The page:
Her conclusions were that while all 35 firms faced similar obstacles, leaders were adopting very different solutions. There is no one answer or silver bullet, but what these experimental leaders had in common were that they felt people around them could always bring ideas to their attention. They would also constantly question who is sitting at the top table - and whether the leadership pipeline reflects the diversity of the customer base.

See Grace’s research and report here.

Measurement is another important aspect: leaders should analyse what impact initiatives have had on increasing voice and diversity still further. Asked what obstacles are holding firms back, Lordan said that one of the main challenges is not taking the issue of ensuring the pipeline represents all voices seriously enough. The issue now is that shareholders understand the impact of diversity on performance, so are banging on the door for change. As part of her research, she is working on a metric that will link diversity and inclusion with P&L performance, which should help demonstrate value.

Harry Samuel added that it is important to separate diversity from inclusion, and that diversity is a means towards building a culture of inclusion. If people feel comfortable with how they are valued by an organisation, they will bring their best selves to work and feel genuinely inspired to contribute to the success of the company.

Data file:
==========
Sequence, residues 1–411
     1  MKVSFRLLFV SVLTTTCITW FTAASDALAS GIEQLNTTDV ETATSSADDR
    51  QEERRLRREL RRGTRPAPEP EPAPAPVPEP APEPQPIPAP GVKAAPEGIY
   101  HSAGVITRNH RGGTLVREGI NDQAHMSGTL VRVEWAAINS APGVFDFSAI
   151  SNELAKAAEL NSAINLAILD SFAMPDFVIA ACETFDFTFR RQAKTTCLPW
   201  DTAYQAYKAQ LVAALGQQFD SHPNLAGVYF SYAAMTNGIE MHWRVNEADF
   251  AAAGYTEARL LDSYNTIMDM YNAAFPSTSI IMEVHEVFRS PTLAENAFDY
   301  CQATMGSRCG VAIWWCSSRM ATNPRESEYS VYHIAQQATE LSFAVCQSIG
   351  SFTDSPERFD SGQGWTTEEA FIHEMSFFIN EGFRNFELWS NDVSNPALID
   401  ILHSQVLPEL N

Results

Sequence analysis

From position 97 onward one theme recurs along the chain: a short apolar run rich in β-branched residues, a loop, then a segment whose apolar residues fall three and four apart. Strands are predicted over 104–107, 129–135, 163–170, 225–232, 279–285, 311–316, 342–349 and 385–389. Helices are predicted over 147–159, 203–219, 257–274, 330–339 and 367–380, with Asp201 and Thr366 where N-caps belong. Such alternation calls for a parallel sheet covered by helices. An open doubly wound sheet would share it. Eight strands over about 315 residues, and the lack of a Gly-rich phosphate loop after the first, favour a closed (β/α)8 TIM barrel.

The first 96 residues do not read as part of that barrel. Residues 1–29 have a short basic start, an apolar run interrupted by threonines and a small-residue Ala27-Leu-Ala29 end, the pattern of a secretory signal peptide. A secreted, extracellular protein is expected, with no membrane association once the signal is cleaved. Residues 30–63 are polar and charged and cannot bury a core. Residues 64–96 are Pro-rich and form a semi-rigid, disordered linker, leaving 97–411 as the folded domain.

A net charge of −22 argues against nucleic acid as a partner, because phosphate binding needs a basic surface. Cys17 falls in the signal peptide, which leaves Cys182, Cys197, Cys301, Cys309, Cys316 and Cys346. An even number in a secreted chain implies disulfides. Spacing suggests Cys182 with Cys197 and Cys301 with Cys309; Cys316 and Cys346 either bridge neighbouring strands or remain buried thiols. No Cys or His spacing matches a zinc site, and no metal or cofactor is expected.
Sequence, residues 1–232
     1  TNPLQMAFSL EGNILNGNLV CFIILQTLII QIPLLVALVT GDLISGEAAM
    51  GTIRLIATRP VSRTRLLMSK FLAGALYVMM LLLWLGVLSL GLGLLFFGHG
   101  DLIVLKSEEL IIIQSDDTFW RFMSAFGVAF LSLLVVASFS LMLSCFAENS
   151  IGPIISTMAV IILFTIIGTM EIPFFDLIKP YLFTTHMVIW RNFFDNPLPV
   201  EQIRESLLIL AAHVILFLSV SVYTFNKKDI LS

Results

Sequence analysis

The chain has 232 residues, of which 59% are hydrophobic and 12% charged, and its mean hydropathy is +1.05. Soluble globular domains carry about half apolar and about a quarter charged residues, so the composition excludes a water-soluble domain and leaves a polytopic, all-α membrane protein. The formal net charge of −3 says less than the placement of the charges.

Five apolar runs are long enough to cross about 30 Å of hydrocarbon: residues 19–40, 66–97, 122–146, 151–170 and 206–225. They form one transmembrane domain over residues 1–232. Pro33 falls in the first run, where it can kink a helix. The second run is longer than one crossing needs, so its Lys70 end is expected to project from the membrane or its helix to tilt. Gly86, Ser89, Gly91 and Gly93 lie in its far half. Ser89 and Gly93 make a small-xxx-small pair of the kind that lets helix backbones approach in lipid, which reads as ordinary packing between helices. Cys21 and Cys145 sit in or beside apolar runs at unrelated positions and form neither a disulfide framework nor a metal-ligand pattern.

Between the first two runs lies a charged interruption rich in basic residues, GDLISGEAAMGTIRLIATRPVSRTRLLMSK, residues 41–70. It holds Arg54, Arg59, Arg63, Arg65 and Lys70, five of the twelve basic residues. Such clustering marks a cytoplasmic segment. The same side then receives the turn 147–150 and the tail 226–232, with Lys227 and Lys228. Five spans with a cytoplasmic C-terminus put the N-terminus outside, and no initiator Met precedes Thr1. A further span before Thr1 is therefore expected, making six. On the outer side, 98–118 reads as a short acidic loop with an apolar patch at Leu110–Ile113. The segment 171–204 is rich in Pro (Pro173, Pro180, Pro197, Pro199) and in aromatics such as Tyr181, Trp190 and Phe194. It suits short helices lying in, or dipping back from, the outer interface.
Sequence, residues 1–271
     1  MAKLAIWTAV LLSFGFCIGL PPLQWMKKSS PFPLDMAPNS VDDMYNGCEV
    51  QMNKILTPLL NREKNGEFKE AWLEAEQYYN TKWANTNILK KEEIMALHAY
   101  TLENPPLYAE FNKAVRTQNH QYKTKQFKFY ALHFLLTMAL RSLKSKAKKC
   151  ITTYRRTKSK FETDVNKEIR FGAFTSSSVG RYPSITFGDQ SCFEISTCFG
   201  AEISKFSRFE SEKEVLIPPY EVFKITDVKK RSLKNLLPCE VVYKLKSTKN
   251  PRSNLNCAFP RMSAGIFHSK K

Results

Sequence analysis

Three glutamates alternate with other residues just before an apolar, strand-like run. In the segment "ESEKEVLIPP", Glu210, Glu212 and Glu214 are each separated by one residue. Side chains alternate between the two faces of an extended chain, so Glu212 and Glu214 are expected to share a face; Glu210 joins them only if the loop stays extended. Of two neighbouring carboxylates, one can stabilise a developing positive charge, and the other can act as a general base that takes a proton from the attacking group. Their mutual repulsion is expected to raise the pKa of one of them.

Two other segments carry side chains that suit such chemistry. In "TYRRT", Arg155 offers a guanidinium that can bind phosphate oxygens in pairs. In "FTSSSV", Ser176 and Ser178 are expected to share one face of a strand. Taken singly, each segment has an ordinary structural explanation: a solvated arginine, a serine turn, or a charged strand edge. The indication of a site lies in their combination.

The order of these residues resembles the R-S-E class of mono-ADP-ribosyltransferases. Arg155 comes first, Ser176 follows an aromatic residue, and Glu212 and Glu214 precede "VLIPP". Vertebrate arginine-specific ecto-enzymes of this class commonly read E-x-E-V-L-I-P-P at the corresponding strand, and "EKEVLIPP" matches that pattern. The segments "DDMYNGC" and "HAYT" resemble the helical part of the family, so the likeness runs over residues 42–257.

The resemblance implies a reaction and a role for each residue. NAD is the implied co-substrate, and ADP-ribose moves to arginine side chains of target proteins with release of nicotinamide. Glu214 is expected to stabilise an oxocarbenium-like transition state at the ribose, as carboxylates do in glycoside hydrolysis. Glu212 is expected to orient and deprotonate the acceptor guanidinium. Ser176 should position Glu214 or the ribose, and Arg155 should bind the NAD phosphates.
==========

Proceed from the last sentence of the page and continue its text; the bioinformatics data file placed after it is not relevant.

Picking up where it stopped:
Having run companies providing financial services to organisations for decades, Samuel had seen more and more clients with diverse teams. Having the other side of table made up of exclusively white males is no longer tenable because you need to reflect who you are doing business with.

Understanding lived experience 

Olive Strachan MBE said that having worked as a consultant for 21 years, she had only met two CEOs of colour. Her experience of arriving in the UK from the Caribbean at the age of six over the past 50 years has often been painful: she has experienced racism all her life and when asking about black history in her senior school was directed to read about slave ships.

The leadership team is the beating heart of a business, and if there are no people of colour on a board who can understand such experiences, they will find it difficult to make the right decisions about diversity and inclusion. While initiatives to get more women on boards are relatively successful, the number of black board members is regressing. 

The other two groups that can make a difference are the media, which constantly portray negative images and stories about black people that perpetuate racism, and schools, which businesses could work with more effectively to coach and mentor young people into careers.

David Levine agreed that positive education for children about diversity and inclusion is vitally important. The Disney Channel had made great strides towards showing diverse characters and different family structures in its programming. 

It had also supported LGBT resource groups set up by employees as well as diversity and inclusion initiatives. Resource groups are a great way to motivate employees and are a first step to engage employees, Levine said.